Henrietta Mwangola is the general manager of Kilaguni Serena Safari Lodge in Tsavo National Park, the first game lodge in Kenya. Many safari lodges in Kenya are headed by men, so it is unusual to come across a woman who has been in this role for over a decade.
She was born and raised in Kenya's coastal city of Mombasa, a major tourist destination. At the time, her uncle was the manager at Serena Beach Resort and her family would often visit him at the hotel.
Mwangola’s smile and easy-going personality will make any guest feel at home. Her interest in hospitality was nurtured in childhood, although initially, she wanted to become a chef.
“I applied to the Kenya Utalii College, but there were limited slots in food production and I didn’t make it,” said Mwangola.
After high school, Mwangola studied food and beverage service at Utalii College. Thereafter she enrolled for a degree in Hospitality and Business Administration at Les Roches School of Hotel Management in Switzerland.
Her work has taken her to various establishments, including Sopa Lodges, the Mara Safari Club, Jacaranda Nairobi Hotel and the Ritz Carlton Hotel in Michigan, US.
It was at the Serena hotels group that her career developed. Starting in 2006, Mwangola worked as an assistant lodge manager in Samburu, Tsavo and Ol Pejeta Serena lodges. Just three years later, she was promoted to lodge manager at the Kilaguni Serena.
Initially, Mwangola wanted to work only in town hotels. At one point she even considered quitting the industry altogether. But after working in a number of national parks, she says, “I got comfortable with lodges".
Now she has a passion for the job, made more enjoyable by her extroverted nature.
“I like meeting people, interacting with them and making sure guests are enjoying their stay,” she said.
Managing the lodge, she says, has broadened her knowledge and leadership skills. Whereas a manager in a town hotel may be focused on specific areas of a hotel’s operations, “in the lodge you become a jack-of-all-trades, because you are doing it all and you improve on areas where you are weak”.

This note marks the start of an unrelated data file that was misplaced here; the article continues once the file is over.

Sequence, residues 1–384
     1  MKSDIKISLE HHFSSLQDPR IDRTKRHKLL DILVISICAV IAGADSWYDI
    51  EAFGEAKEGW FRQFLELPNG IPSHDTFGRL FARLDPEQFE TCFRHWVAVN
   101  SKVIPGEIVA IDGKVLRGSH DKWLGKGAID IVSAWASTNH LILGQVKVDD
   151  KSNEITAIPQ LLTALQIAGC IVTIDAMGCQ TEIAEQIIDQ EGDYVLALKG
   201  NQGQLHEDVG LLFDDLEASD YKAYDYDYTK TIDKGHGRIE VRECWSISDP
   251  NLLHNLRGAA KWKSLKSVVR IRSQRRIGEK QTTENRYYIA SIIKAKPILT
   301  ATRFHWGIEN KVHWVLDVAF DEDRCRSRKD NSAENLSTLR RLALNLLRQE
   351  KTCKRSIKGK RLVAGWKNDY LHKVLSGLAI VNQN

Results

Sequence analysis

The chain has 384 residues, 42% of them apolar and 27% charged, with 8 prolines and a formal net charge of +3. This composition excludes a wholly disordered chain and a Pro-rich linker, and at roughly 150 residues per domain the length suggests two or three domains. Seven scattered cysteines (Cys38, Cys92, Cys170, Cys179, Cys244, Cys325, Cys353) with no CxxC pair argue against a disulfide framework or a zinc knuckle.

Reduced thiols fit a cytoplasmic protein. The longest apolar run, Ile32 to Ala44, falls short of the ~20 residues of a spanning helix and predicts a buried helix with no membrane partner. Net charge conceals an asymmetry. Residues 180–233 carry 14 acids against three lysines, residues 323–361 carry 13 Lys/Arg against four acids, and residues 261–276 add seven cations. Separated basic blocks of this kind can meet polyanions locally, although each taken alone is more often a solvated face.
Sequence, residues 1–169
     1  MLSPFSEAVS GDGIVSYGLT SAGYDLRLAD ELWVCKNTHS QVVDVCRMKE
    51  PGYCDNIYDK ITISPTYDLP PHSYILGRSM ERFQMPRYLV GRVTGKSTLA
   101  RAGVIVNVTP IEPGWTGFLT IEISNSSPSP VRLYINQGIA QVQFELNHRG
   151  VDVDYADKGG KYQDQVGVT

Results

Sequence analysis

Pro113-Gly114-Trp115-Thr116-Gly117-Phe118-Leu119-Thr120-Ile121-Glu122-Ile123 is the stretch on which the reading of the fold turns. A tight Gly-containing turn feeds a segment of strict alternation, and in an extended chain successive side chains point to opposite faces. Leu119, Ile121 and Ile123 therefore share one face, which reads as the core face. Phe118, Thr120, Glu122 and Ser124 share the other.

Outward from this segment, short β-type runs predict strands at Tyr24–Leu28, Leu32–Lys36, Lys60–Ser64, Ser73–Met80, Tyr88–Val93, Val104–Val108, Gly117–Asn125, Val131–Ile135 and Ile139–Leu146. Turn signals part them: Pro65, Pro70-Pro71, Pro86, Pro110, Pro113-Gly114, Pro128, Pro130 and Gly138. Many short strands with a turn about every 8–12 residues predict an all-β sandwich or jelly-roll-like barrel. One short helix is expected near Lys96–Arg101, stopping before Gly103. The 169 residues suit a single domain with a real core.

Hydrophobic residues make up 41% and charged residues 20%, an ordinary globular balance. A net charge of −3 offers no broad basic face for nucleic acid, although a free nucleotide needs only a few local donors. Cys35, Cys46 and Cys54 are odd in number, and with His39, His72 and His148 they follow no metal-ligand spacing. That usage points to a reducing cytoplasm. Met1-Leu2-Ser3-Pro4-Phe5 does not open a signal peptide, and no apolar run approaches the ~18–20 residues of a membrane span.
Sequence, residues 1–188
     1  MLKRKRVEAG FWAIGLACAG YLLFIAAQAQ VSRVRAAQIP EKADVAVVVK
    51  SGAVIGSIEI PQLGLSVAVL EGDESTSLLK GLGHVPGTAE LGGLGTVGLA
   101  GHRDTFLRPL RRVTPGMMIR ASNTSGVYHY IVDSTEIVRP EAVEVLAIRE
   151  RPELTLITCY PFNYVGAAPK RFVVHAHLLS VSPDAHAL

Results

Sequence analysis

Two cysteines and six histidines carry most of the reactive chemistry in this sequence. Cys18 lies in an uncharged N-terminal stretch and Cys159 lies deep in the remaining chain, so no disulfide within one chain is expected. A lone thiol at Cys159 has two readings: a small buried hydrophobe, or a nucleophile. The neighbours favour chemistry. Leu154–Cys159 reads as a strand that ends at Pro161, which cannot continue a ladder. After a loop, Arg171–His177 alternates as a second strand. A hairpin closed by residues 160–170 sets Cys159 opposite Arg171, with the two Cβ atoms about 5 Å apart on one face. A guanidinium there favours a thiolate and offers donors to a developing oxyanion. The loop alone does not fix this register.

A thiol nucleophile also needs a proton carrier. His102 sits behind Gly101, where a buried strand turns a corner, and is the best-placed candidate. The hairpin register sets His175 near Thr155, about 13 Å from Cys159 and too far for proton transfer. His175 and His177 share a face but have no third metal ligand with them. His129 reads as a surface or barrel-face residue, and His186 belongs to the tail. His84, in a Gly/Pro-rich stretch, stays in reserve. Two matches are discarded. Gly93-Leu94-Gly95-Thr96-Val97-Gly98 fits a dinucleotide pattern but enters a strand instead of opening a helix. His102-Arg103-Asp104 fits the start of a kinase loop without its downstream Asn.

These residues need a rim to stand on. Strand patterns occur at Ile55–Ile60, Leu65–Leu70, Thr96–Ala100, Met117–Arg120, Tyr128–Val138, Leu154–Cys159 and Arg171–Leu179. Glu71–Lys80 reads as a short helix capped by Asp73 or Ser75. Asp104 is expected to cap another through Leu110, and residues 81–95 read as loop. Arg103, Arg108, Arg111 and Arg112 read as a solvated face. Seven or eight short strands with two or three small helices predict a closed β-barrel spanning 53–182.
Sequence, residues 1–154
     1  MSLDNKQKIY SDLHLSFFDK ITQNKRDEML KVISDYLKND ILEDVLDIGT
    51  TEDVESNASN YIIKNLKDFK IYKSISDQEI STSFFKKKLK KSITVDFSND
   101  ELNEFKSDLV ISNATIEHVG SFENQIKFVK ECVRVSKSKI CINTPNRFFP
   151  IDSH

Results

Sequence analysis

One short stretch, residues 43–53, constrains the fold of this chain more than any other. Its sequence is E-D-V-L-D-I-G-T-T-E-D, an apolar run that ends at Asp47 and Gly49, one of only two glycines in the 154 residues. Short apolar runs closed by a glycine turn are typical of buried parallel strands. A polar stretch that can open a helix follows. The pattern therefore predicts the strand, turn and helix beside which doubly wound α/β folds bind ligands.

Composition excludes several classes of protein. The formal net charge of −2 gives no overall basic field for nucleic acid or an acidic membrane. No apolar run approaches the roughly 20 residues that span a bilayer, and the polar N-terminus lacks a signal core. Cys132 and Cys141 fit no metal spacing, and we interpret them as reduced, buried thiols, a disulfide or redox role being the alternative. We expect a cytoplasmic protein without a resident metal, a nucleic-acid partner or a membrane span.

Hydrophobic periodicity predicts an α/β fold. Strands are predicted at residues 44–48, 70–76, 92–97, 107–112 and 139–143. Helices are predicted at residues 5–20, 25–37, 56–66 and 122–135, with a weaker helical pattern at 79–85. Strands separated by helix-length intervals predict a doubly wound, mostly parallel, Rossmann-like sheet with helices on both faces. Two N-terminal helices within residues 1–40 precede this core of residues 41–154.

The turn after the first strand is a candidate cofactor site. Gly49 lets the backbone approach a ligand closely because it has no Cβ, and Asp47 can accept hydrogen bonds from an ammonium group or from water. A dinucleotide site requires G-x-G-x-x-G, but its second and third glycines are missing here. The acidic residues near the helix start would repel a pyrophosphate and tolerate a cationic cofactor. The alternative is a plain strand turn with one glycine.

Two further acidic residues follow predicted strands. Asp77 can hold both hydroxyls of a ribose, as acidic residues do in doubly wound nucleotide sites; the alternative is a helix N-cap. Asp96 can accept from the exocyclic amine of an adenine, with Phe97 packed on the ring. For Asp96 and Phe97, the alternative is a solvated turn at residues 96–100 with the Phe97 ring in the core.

Whether it is first aid, fire and safety, how the routers work or the level of gas and fuel supplies, the lodge manager must know it all.
She adds that a well-rounded lodge manager must have general knowledge including information such as the names of wildlife or keeping abreast of global current affairs, politics or sports events.
After 15 years in lodge management, there is little she has not grasped. But, she says, “learning is every day, especially as technology evolves.”
Being a woman leader comes with challenges, particularly when a sizeable number of the staff are from neighbouring communities that are patriarchal.
“We need to respect each other, then the rest will come naturally,” says Mwangola about her style of leadership.
Clear communication, professional work ethics, and following the laid down procedures, including in matters of discipline, are essential.
“Also, learn how to work with people from the local community and not look down on them.”
Lodge management means early mornings, late nights and long periods away from one’s family.
“We miss the town life and families because our children can’t go to school here,” said Mwangola. She accumulates her off-days and takes leave time to be with her family.
When she started her career, there was no mobile phone network, and a bus trip to the workplace could take a whole day.
“Now there is internet here. You can always reach people and it’s as good as if you were in a town,” she says.
Although there are more women working in safari lodges today than in the past, not many have risen to the rank of lodge manager.
“I would encourage women as it’s much better now, with good support systems and accessibility,” says Mwangola.